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Reviving rustic rhythm

By Zhang Lei | China Daily | Updated: 2022-07-20 06:43

Liu performs clapper talk with youngsters onstage.[Photo provided to China Daily]

A Shandong music teacher is mixing traditional compositions with modern techniques to popularize the folk art of clapper talk among youngsters, Zhang Lei reports.

A classroom packed with chatty first-graders at Quanxin primary school in Jinan, East China's Shandong province, hits pin-drop silence as a teacher walks in. His gown and mandarin-collared jacket project a serious demeanor until he fishes out a pair of clappers from his bag and breaks into a rhythmic caper to accompany his narrative singing. The children beam with joy and burst into peals of laughter.

Meet Liu Yawei, a clapper talk performer who is doing his bit to keep the traditional Chinese percussion instrument made of bamboo from sinking into oblivion. Clapper talk is one type of quyi, a general name of all the Chinese folk art forms of narrating stories in the form of storytelling and singing. Besides clapper talks, there are other types such as ballad singing, storytelling and cross-talk.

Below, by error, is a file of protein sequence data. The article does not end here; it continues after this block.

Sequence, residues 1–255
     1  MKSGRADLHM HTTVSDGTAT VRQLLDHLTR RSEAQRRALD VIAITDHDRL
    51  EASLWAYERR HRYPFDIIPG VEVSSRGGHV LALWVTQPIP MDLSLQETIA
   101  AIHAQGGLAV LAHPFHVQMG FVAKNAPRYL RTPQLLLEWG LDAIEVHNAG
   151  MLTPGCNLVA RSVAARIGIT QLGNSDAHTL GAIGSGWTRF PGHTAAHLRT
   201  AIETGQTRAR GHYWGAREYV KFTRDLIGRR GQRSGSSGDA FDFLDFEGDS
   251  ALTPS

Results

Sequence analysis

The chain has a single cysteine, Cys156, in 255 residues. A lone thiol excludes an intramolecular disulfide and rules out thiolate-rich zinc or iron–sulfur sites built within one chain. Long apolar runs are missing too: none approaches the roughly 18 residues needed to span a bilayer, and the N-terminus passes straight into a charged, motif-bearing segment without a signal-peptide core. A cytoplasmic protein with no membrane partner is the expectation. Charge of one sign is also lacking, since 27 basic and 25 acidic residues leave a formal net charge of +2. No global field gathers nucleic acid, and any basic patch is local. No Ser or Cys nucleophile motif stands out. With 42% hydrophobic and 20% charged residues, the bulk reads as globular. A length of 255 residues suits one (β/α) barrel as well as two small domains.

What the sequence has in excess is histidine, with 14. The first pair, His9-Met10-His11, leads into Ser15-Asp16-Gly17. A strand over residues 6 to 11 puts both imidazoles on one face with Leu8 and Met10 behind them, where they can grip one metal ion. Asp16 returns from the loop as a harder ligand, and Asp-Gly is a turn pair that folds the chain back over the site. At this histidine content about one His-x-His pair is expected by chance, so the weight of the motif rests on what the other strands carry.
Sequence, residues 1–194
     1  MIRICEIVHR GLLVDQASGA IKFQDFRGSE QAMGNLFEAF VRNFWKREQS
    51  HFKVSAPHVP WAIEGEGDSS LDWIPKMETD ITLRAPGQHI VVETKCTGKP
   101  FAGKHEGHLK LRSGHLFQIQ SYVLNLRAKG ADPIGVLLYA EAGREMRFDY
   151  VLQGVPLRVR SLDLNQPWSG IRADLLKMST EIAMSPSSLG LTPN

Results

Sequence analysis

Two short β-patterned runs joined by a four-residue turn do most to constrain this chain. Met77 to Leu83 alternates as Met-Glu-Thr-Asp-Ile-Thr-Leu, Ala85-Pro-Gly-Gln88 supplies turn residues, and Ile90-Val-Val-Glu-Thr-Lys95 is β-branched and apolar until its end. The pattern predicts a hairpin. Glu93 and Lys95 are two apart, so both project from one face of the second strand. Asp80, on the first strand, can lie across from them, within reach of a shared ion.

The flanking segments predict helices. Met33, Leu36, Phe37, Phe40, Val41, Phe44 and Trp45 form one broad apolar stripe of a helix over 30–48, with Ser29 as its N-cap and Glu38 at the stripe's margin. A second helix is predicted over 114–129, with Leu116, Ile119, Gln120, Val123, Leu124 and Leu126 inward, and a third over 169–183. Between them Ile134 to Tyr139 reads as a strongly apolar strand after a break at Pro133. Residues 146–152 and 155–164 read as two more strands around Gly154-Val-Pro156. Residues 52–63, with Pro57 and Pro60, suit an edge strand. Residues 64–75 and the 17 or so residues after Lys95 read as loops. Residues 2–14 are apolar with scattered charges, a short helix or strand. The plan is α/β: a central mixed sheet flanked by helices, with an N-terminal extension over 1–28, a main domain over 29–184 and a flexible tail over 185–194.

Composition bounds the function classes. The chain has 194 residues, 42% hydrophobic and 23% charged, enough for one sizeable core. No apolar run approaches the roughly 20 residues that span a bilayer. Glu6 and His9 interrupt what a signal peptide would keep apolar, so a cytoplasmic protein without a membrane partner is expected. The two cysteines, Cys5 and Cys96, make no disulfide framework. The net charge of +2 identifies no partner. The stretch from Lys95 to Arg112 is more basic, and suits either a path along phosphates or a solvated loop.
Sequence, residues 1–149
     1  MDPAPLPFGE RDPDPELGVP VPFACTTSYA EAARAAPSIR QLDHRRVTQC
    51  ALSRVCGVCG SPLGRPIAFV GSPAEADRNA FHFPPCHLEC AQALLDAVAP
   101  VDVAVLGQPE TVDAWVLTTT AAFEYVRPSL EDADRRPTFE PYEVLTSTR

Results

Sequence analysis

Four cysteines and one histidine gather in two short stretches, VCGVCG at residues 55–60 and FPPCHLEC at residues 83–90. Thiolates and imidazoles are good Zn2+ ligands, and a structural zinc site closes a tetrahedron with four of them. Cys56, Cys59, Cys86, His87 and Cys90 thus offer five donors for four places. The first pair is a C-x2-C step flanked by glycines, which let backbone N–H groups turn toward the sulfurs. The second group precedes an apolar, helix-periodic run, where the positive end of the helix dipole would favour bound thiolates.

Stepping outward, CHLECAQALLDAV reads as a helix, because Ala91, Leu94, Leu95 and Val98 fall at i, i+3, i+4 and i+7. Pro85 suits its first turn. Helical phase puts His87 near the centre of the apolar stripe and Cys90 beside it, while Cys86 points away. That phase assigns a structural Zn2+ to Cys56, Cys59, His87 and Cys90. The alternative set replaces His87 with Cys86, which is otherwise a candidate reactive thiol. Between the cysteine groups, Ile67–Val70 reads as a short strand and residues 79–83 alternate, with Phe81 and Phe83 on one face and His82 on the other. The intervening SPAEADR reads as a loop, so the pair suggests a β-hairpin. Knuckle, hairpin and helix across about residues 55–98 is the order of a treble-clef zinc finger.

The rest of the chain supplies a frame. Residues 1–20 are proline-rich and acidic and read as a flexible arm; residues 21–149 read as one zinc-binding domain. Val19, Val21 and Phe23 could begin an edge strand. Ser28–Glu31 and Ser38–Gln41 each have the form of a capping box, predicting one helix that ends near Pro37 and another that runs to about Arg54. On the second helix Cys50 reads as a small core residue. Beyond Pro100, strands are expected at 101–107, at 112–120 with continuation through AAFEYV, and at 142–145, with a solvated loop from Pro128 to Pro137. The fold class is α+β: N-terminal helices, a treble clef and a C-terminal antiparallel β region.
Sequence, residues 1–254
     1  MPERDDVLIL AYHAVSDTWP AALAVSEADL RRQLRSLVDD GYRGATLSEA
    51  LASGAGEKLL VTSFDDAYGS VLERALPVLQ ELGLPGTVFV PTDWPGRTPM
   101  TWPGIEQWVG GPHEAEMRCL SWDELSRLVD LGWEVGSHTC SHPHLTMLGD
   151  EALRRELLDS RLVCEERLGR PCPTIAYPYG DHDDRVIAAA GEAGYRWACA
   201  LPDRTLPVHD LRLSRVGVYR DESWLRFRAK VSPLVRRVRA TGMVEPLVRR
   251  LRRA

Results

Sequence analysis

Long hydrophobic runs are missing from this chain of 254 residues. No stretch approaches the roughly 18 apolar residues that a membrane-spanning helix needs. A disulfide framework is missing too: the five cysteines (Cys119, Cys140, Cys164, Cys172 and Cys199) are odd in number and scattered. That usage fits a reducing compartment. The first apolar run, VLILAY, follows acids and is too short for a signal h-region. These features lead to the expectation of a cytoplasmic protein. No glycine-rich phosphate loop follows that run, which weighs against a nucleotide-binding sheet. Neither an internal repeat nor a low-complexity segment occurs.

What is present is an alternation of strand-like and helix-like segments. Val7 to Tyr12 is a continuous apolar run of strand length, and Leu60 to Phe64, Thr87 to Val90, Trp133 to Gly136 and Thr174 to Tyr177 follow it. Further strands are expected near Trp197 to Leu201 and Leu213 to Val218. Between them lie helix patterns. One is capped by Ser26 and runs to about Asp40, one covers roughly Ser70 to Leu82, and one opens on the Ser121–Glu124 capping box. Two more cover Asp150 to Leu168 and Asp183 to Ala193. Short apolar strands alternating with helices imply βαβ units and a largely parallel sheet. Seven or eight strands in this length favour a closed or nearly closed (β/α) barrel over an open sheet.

Liu, 34, has been showered with many titles, including Shandong province's "upward and kindhearted youth". In the eyes of his friends, he wears many hats: He is a music teacher and a TV host. However, the identity Liu cherishes the most is being the "representative inheritor" of Wang clapper talk, one of the three major schools of the art form.

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